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REVIEW ARTICLE
Year : 2016  |  Volume : 7  |  Issue : 1  |  Page : 57

The effect of diabetes mellitus on apoptosis in hippocampus: Cellular and molecular aspects


1 Department of Anatomical Sciences and Molecular Biology, School of Medicine, Isfahan University of Medical Sciences, Isfahan, Iran
2 Department of Anatomical Sciences, School of Medicine, Birjand University of Medical Sciences, Birjand, Iran
3 Department of Genetic Biology, School of Medicine, Isfahan University of Medical Sciences, Isfahan, Iran

Correspondence Address:
Shahnaz Razavi
Department of Anatomical Sciences and Molecular Biology, School of Medicine, Isfahan University of Medical Sciences, Isfahan 81744 176
Iran
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Source of Support: None, Conflict of Interest: None


DOI: 10.4103/2008-7802.178531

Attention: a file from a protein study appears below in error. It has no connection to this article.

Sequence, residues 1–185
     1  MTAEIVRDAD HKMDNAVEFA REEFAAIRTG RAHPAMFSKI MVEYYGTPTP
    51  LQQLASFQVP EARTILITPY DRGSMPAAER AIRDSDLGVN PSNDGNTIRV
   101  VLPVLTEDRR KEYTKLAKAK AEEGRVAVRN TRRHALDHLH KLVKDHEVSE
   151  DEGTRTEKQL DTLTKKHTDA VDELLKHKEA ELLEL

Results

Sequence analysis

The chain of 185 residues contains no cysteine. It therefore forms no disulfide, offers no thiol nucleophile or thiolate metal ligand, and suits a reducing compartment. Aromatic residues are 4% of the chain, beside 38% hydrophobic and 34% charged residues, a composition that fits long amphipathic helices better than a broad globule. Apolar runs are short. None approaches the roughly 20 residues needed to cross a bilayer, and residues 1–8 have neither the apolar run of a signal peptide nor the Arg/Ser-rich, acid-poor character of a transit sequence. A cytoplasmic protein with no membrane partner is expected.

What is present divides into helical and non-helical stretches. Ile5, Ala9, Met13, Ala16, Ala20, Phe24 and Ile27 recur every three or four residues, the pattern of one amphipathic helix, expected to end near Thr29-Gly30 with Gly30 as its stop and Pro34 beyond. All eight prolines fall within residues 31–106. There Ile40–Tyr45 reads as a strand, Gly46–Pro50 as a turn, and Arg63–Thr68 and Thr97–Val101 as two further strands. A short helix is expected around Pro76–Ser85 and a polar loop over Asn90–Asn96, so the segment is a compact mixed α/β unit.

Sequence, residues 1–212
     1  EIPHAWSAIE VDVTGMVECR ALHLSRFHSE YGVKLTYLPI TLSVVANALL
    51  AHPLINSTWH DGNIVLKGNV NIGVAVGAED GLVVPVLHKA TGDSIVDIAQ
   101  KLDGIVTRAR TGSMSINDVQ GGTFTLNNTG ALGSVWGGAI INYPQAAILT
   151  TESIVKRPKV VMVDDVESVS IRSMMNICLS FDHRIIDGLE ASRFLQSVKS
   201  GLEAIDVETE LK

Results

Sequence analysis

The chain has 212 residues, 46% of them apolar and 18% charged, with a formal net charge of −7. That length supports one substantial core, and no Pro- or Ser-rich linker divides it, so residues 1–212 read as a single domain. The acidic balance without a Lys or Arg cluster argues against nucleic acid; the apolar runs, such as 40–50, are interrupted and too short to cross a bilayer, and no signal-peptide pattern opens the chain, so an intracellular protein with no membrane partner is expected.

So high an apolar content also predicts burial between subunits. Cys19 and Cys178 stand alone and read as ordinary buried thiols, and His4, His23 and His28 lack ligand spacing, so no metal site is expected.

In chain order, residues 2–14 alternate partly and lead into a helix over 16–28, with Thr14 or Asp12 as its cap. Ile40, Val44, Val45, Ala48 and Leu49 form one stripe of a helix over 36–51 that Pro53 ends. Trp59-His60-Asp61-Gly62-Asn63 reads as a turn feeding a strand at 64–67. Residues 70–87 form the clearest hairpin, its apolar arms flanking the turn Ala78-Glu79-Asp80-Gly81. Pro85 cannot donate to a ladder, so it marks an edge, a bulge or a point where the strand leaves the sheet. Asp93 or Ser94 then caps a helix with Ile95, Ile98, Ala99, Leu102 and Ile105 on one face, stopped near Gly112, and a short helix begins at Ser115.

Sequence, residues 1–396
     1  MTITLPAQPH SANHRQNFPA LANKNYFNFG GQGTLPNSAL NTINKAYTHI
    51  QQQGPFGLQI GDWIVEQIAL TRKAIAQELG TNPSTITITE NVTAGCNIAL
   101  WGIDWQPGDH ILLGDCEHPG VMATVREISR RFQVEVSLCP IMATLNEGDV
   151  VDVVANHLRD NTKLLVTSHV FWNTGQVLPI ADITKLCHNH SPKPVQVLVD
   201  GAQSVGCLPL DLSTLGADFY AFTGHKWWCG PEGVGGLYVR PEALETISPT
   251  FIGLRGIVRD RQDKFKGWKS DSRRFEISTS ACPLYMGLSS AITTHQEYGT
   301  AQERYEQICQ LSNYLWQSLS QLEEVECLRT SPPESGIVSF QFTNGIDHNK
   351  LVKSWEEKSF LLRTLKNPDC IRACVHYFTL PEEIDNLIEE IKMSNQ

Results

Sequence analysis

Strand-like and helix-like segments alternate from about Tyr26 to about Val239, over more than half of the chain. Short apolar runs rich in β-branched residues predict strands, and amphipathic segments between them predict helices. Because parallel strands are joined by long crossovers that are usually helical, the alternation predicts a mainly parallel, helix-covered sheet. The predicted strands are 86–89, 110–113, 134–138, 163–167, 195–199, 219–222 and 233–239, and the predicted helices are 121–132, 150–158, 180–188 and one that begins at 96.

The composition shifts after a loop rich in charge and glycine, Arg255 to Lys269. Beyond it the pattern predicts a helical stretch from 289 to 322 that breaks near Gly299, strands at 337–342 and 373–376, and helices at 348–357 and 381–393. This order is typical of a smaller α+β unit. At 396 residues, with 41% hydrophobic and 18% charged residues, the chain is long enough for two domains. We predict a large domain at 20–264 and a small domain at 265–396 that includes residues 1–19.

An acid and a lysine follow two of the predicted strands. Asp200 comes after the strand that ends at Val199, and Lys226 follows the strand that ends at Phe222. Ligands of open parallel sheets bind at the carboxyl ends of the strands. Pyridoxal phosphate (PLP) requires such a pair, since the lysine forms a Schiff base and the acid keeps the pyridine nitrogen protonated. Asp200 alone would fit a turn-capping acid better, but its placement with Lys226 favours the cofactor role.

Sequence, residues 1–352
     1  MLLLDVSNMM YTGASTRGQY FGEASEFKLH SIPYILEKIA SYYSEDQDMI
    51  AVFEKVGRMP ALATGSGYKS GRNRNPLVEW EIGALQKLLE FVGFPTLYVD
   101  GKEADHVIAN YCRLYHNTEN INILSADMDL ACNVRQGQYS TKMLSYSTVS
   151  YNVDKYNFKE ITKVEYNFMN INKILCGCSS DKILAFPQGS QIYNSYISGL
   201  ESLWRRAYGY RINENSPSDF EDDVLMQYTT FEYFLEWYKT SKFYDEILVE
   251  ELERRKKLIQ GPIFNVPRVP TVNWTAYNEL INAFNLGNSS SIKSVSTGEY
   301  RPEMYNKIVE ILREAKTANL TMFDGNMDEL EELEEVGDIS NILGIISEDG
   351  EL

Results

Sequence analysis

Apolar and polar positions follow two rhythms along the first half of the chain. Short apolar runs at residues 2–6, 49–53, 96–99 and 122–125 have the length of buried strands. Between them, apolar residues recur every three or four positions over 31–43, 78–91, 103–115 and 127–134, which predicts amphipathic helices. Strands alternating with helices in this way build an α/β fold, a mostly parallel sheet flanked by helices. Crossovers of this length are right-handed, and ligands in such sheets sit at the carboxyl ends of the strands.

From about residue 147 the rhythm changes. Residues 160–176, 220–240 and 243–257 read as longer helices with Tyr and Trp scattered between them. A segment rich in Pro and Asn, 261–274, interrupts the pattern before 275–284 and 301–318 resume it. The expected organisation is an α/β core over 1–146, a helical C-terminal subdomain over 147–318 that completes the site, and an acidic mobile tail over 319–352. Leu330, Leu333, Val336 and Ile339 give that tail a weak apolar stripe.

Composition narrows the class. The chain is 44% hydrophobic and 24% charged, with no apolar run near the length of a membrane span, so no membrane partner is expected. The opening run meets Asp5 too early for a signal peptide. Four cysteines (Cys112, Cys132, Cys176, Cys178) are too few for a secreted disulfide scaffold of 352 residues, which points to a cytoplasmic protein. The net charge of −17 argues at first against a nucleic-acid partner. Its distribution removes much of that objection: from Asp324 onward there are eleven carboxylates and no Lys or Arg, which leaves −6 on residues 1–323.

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Background: Diabetes mellitus is associated with cognitive deficits in humans and animals. These deficits are paralleled by neurophysiological and structural changes in brain. In diabetic animals, impairments of spatial learning, memory, and cognition occur in association with distinct changes in hippocampus, a key brain area for many forms of learning and memory and are particularly sensitive to changes in glucose homeostasis. However, the multifactorial pathogenesis of diabetic encephalopathy is not yet completely understood. Apoptosis plays a crucial role in diabetes-induce neuronal loss in hippocampus. Methods: The effects of diabetes on hippocampus and cognitive/behavioral dysfunctions in experimental models of diabetes are reviewed, with a focus on the negative impact on increased neuronal apoptosis and related cellular and molecular mechanisms. Results: Of all articles that were assessed, most of the experimental studies clearly showed that diabetes causes neuronal apoptosis in hippocampus through multiple mechanisms, including oxidative stress, inhibition of caspases, disturbance in expression of apoptosis regulator genes, as well as deficits in mitochondrial function. The balance between pro-apoptotic and anti-apoptotic signaling may determine the neuronal apoptotic outcome in vitro and in vivo models of experimental diabetes. Conclusions: Dissecting out the mechanisms responsible for diabetes-related changes in the hippocampal cell apoptosis helps improve treatment of impaired cognitive and memory functions in diabetic individuals.


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